To the Editor:
I have been involved in health care for most of my professional life as a nurse and later as a health care attorney. I also have a 90-year-old-mother who depends on Medicare for her health care coverage, so I understand, firsthand, the importance of Medicare to seniors in Upstate New York.
Our country has made a promise to our seniors who have spent their adult lifetime contributing to Medicare. Our government has an obligation to make good on that promise. I write this to assure seniors that I will honor this commitment to them. I will not vote to change Medicare for those currently receiving it or nearing the age of eligibility. I will remain steadfast in supporting their Medicare benefits from any further cuts.
I say "further" because the biggest threat to Medicare is the Affordable Care Act, also known as the health care law. Seniors should be aware that this legislation will impact their Medicare coverage. The health care law, signed by President Obama in 2010, cuts Medicare by $500 billion.
Included in those cuts is the popular Medicare Advantage program, which faces cuts of $135.6 billion. These cuts will unduly affect New York seniors; in Upstate New York, one-third of seniors have chosen Medicare Advantage plans. In 2017, a new payment formula for Medicare Advantage will be fully phased in, reducing benefits by 27 percent, or about $3,700 per person. With these cuts, Medicare Advantage plans will face significant adjustments, including cuts in service, access, and quality of care. It is believed that these cuts will slash enrollment in half.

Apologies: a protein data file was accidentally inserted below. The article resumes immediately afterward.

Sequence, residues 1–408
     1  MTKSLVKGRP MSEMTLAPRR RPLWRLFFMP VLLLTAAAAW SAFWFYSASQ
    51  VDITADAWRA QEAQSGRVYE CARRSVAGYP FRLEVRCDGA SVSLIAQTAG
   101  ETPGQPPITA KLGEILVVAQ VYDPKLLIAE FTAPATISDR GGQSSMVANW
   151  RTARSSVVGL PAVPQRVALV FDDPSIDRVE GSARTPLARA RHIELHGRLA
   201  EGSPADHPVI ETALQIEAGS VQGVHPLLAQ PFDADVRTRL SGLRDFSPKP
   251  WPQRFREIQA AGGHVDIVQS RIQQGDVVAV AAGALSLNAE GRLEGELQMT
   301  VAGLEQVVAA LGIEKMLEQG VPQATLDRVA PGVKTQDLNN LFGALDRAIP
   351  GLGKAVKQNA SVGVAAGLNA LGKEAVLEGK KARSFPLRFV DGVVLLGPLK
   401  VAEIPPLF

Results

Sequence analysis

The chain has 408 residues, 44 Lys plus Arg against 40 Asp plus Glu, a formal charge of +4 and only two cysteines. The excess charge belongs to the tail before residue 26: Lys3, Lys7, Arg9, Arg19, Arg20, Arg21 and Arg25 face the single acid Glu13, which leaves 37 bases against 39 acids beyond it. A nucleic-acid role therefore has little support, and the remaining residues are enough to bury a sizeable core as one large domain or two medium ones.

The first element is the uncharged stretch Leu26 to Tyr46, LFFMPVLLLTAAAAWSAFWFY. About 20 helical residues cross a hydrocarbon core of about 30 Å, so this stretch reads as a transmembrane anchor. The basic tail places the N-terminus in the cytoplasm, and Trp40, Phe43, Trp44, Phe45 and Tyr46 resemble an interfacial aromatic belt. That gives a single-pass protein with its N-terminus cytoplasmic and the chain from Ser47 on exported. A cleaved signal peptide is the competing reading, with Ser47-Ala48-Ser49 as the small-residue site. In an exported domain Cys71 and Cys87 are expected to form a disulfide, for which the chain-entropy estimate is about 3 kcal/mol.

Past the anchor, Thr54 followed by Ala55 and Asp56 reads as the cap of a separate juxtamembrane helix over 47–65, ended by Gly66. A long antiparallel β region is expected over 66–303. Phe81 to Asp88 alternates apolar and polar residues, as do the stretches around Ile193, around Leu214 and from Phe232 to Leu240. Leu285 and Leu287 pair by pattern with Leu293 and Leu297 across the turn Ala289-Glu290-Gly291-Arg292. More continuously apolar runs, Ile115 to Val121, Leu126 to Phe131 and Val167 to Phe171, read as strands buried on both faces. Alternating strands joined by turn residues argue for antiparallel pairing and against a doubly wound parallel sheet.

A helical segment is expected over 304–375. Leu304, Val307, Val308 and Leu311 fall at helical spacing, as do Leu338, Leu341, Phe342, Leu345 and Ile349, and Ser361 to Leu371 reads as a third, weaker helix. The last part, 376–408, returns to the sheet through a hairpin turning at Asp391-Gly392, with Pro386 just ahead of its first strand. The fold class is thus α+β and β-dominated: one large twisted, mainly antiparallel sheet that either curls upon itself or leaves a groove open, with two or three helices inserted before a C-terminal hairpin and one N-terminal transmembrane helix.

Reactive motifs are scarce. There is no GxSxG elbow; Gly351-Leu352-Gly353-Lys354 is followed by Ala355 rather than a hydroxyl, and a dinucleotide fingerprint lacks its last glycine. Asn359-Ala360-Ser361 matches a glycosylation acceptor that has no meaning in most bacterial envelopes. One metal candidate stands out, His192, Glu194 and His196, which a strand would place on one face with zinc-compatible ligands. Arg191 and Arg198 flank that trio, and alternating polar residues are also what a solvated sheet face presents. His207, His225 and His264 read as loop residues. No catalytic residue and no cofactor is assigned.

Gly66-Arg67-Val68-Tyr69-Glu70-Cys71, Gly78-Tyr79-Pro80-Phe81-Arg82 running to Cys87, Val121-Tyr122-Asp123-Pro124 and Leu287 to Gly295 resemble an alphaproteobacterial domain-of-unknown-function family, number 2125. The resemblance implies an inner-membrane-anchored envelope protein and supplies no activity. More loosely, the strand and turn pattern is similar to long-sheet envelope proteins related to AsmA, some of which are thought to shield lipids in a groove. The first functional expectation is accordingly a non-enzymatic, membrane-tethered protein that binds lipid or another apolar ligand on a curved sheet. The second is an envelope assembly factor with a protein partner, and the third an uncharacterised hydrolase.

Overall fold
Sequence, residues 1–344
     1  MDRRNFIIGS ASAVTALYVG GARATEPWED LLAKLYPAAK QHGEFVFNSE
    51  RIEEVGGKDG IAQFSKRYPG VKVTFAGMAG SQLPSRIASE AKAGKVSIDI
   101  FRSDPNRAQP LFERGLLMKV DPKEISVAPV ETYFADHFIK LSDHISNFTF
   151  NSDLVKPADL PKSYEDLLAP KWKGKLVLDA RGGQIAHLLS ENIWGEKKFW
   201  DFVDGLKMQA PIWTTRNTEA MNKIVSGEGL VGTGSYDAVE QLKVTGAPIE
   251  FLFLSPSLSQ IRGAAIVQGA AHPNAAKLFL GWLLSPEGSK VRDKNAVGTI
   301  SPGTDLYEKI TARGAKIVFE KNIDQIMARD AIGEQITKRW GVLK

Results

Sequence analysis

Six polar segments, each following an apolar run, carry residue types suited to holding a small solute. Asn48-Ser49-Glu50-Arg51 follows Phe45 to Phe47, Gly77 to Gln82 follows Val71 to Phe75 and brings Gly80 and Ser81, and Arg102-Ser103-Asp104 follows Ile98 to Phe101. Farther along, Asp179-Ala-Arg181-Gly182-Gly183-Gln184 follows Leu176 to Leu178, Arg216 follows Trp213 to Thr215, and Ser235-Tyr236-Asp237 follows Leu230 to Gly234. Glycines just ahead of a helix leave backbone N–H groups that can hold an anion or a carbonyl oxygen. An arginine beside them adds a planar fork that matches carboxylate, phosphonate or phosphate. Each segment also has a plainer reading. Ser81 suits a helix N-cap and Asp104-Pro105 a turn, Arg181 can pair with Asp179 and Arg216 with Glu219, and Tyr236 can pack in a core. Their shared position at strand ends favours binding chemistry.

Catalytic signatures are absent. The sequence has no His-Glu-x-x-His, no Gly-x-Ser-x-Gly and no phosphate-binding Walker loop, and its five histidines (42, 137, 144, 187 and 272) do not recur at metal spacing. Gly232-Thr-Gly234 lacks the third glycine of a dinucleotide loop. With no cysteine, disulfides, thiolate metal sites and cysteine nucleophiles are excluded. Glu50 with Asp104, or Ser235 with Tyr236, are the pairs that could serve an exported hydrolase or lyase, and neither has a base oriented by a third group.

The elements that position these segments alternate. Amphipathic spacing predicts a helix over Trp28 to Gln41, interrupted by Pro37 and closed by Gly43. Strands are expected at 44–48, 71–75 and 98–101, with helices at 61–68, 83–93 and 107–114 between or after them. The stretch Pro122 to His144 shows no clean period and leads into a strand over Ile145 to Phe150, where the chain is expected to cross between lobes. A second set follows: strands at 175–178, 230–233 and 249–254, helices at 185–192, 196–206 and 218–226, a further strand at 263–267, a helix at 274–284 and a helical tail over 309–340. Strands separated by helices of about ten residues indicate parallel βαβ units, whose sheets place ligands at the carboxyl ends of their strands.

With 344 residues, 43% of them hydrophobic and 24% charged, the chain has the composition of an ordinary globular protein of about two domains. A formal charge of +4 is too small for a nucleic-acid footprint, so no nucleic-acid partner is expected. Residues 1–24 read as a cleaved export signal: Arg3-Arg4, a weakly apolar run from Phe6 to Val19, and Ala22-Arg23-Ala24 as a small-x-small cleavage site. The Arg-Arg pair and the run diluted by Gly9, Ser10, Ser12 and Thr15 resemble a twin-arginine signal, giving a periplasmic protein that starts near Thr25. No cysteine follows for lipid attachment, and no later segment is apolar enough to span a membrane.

Furthermore, the cuts will hit low-income seniors and the disabled with disproportionate cuts. It is expected that 70 percent of these cuts will directly impact beneficiaries earning below $32,400 annually.
One of the reasons I voted to repeal the Affordable Care Act was because of its drastic cuts to Medicare. I strongly oppose the cuts included in the president's health care law and will fight any future proposed cuts to the program.
While we must protect Medicare for seniors receiving the benefits now, we cannot ignore that the current program is unsustainable for future generations. As this next generation retires, Medicare spending will grow exponentially and will bankrupt the program. Medicare should remain untouched for those 55 years and older, but we must look to strengthen the program so it remains viable for generations to come. Our goal should be to find ways to improve Medicare so that we can preserve it for those 55 years and younger.
Protecting and preserving Medicare is a top priority for me. Our country must uphold the commitment that was made to our seniors who depend on Medicare. Washington must work together, in a bipartisan fashion, to protect Medicare for our seniors as well as preserve the program for generations to come.
Rep. Ann Marie Buerkle, R-Onondaga Hill, represents the 25th Congressional District.